All Titles Available Now!






When 17-year-old Bill Green returns home from work one day, he finds the house empty and his parents have moved without telling him. Homeless, he joins the Royal Navy. Eighteen months into a 12-year stint, he’s drafted to submarines at the height of the Cold War, a move that defines the next 26 years of his life. His first draft at age 19 sees him patrolling the seas from the Baltic to the Arctic circle gathering intelligence while avoiding harassment and depth charges of Soviet warships constantly patrolling the same waters.


Bill goes on to serve in numerous capacities and locales. As a ship's diver during the Indonesian–Malaysian confrontation, he is employed searching ships for Limpet Mines.

       The Indonesian–Malaysian confrontation, also known as the Borneo confrontation, was a violent conflict from 1963–66, that stemmed from Indonesia's opposition to the creation of Malaysia. The creation of Malaysia was the amalgamation of the Federation of Malaya, Singapore, and the Crown colony British Protectorates of North Borneo, and Sarawak. To thwart efforts to form Malaysia, Indonesia became actively involved in subterfuge operations, and later declared war on Malaysia.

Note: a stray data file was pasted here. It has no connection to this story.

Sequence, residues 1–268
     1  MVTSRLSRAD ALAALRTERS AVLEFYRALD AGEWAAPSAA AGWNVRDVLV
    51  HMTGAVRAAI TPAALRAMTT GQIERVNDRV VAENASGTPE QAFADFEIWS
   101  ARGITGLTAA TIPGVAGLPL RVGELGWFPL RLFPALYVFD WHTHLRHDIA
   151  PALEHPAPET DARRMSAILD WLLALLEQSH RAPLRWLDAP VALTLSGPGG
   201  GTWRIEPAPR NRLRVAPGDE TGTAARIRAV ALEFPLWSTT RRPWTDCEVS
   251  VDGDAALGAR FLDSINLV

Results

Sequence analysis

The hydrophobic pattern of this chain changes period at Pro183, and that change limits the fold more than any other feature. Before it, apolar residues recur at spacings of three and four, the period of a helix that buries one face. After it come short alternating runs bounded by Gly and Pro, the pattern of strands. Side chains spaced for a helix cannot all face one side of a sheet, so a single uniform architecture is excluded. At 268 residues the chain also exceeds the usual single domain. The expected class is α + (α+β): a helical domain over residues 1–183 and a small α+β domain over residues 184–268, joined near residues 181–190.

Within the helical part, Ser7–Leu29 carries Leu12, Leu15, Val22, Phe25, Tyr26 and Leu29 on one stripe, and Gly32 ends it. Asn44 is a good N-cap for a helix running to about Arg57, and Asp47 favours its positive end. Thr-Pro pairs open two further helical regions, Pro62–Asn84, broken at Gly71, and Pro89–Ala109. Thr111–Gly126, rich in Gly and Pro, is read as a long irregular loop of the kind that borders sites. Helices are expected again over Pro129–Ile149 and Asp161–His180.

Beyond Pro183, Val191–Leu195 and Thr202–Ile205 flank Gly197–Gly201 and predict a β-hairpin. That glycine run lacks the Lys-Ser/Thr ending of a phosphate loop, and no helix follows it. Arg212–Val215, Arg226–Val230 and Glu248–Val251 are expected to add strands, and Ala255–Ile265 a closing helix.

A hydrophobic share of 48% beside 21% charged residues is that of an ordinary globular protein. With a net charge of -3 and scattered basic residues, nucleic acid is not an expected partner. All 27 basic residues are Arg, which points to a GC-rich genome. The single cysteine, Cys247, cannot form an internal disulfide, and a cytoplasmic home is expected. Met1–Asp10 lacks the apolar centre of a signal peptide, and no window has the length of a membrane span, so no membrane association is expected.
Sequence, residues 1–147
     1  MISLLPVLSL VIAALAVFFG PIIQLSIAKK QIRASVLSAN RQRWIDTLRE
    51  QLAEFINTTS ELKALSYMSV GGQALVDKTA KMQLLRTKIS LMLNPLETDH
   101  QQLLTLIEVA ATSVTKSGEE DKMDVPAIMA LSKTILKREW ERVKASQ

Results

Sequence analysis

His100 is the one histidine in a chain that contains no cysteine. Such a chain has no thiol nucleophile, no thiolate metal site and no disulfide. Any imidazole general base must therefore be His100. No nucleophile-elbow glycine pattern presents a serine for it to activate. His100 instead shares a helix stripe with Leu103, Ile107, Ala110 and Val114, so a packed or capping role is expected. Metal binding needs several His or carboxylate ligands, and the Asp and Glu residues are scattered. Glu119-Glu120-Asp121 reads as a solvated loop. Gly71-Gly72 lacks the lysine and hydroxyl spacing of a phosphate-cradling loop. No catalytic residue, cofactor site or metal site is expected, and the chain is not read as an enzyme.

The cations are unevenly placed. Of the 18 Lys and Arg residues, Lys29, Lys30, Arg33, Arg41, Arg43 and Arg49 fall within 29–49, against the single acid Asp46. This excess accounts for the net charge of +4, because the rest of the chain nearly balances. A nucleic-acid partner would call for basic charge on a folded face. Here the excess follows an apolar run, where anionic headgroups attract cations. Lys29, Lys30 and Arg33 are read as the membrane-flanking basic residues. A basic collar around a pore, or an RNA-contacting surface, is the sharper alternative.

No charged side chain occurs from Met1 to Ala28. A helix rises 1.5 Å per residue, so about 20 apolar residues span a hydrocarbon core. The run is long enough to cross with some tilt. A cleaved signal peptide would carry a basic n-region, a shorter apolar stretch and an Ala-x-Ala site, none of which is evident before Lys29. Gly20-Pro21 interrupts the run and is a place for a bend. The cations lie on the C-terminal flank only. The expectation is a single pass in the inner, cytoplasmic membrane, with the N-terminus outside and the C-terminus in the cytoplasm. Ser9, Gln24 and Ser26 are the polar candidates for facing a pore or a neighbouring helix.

Bill also spent time clearing the Johor Straits of unexploded WW2 bombs. In 1966, he joined the oldest operational submarine in the Royal Navy, HMS Tiptoe. HMS Tiptoe was built in 1944 and served in the Far East, sinking several Japanese ships.


In 1970, Bill was part of the team that set the world record depth for escaping from a submarine; 600 feet. The following year, he became ill and was sidelined for over a year which nearly ended his career.


However, it is the later near-death experience whilst escaping from a submarine 300 feet below the waves in Campbelltown Loch that convinced him he had pushed his luck far enough. In 1980 he retired from the Royal Navy and emigrated to South Africa.